World grapples with aviation's climate-change footprint
Air travel is booming as the world’s population grows and fares fall, but its impact on the Earth’s sensitive climate must be taken into account in any new global-warming pact, green groups say.
More than 900 delegates flew into Bangkok this week for a United Nations-led meeting on global warming, spewing about 4 181 tonnes of carbon dioxide into the atmosphere, an official from the UN climate body estimated.
Few would argue against holding such talks, which are vital to crafting a new pact on battling climate change, but activists are urging the world to include air and sea travel in any new accord.
“Aviation and maritime shipping are very big sources of emissions and they’re growing fast,” said David Doniger, climate policy chief at the New York-based Natural Resources Defence Council.
“I think that one thing that’s not acceptable is to leave those sectors uncontrolled on the theory that they don’t belong to anybody,” he added.
Industry and green groups estimate that air travel accounts for between 2% and 4% of the world’s emissions of greenhouses gases such as carbon dioxide, which trap the sun’s heat and cause temperatures to rise.
Emissions from the sector look set to rise, however, with the number of global travellers predicted to double by 2020.
International aviation and shipping were excluded from greenhouse gas emissions reductions targets laid out in the 1997 Kyoto Protocol, the current global treaty addressing climate change.
Delegates from more than 160 countries are now in Bangkok trying to thrash out a working plan for a new agreement on how to curb emissions when the Kyoto Protocol’s deadlines run out in 2012.
“I think everybody agrees that we have to find some way of addressing emissions resulting from aviation and shipping,” said Yvo de Boer, the UN’s climate chief.
“The big question is how. Is that inside the convention process or is it outside the convention process?”
Bill Hare, climate policy director with Greenpeace, said that airline emissions were tricky given that many countries are involved in one flight—the departure point, arrival point and the nationality of the operator.
He argues that aviation emissions should be included in binding greenhouse-gas cuts for rich nations expected to be laid out in the new pact, with the country selling the fuel taking responsibility for the emissions.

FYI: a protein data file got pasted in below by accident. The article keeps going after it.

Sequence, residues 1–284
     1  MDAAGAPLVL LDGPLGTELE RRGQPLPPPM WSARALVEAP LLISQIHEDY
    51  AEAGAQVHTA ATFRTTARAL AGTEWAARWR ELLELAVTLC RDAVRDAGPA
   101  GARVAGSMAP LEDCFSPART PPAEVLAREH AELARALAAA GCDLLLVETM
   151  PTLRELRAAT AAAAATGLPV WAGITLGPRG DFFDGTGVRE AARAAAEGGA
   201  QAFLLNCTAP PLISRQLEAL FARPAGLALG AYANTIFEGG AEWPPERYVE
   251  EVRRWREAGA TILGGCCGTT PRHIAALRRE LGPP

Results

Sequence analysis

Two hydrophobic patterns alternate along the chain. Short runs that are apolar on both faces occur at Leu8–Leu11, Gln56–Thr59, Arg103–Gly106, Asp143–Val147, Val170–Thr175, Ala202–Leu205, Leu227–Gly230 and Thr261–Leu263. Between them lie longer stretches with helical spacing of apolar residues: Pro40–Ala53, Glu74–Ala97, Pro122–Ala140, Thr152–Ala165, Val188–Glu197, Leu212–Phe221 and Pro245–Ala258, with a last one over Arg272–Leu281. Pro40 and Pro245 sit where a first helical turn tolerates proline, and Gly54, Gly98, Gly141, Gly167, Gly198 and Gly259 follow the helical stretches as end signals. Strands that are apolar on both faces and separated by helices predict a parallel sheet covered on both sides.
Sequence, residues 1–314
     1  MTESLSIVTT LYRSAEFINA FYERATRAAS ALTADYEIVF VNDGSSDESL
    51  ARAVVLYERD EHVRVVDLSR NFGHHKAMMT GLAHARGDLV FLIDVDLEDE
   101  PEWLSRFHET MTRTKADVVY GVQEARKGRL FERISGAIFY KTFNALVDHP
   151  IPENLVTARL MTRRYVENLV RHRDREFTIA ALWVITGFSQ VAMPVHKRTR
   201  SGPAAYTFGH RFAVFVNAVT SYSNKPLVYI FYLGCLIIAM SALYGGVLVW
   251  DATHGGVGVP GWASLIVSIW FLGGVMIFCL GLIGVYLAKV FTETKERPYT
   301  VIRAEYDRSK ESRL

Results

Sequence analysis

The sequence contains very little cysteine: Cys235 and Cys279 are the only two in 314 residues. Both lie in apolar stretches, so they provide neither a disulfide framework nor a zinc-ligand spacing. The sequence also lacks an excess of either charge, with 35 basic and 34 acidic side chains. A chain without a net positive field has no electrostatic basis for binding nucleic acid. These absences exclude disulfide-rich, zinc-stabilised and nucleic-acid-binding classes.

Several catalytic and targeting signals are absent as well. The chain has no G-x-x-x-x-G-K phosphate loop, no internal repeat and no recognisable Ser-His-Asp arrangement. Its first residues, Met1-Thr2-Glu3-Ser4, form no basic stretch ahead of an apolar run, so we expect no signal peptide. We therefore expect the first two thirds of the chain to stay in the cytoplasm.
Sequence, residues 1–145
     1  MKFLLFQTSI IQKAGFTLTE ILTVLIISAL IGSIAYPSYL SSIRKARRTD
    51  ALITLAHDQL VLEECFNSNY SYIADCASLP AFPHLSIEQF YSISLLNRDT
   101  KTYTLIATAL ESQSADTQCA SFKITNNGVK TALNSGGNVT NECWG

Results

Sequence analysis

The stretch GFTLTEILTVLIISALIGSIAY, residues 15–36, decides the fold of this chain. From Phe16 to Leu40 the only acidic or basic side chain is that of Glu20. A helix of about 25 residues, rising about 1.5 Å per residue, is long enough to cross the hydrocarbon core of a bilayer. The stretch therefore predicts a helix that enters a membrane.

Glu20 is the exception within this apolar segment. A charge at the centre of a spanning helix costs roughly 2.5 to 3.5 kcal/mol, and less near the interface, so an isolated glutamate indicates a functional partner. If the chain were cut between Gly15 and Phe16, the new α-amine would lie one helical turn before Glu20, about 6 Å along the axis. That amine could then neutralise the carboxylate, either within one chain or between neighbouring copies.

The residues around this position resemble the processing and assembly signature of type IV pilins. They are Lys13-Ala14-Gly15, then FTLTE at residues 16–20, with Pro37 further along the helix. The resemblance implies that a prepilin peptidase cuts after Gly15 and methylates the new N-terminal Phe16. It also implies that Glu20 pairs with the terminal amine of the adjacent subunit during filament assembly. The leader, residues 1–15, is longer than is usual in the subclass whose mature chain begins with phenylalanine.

“If you want to be an aviation hub, then there is a carbon cost to it,” he said.
This would then spur industry into developing more energy-efficient engines and aircraft, he said.
Under the Kyoto agreement, UN organisations the International Civil Aviation Organisation (ICAO) and the International Maritime Organization (IMO) were tasked with coming up with a solution to the industry’s climate footprint.
“The bottom line is they haven’t done anything,” Hare said.
Some nations are pushing to leave the issue with the UN bodies, while the European Union has talked about a sector-based approach where airlines must cap their emissions, or buy “carbon credits” from other industries.
The industry was overwhelmingly against the EU idea, said Tom Ballantyne, an analyst with Orient Aviation magazine, but was not necessarily opposed to being included in any post-Kyoto agreement.
“They realise that they are going to have to confront this,” he said, adding the aviation industry had yet to decide on a united stance on climate change.
British tycoon Richard Branson, president of the Virgin Atlantic airline, recently flew from London to Amsterdam on a Boeing 747 partially fuelled by coconut and a variety of palm oil.
He later extolled the energy potential of algae, press reports said, and has pledged millions of dollars in research into new technologies.
Many green activists are, however, lukewarm on the idea of expanded use of biofuels to curb transport emissions, saying that it could also cause new problems, including pressure on food prices.
“There is no golden solution to the replacement of fossil fuels. It’s impossible to replace one thing by a single other source,” said Marcelo Furtado of Greenpeace Brazil.—AFP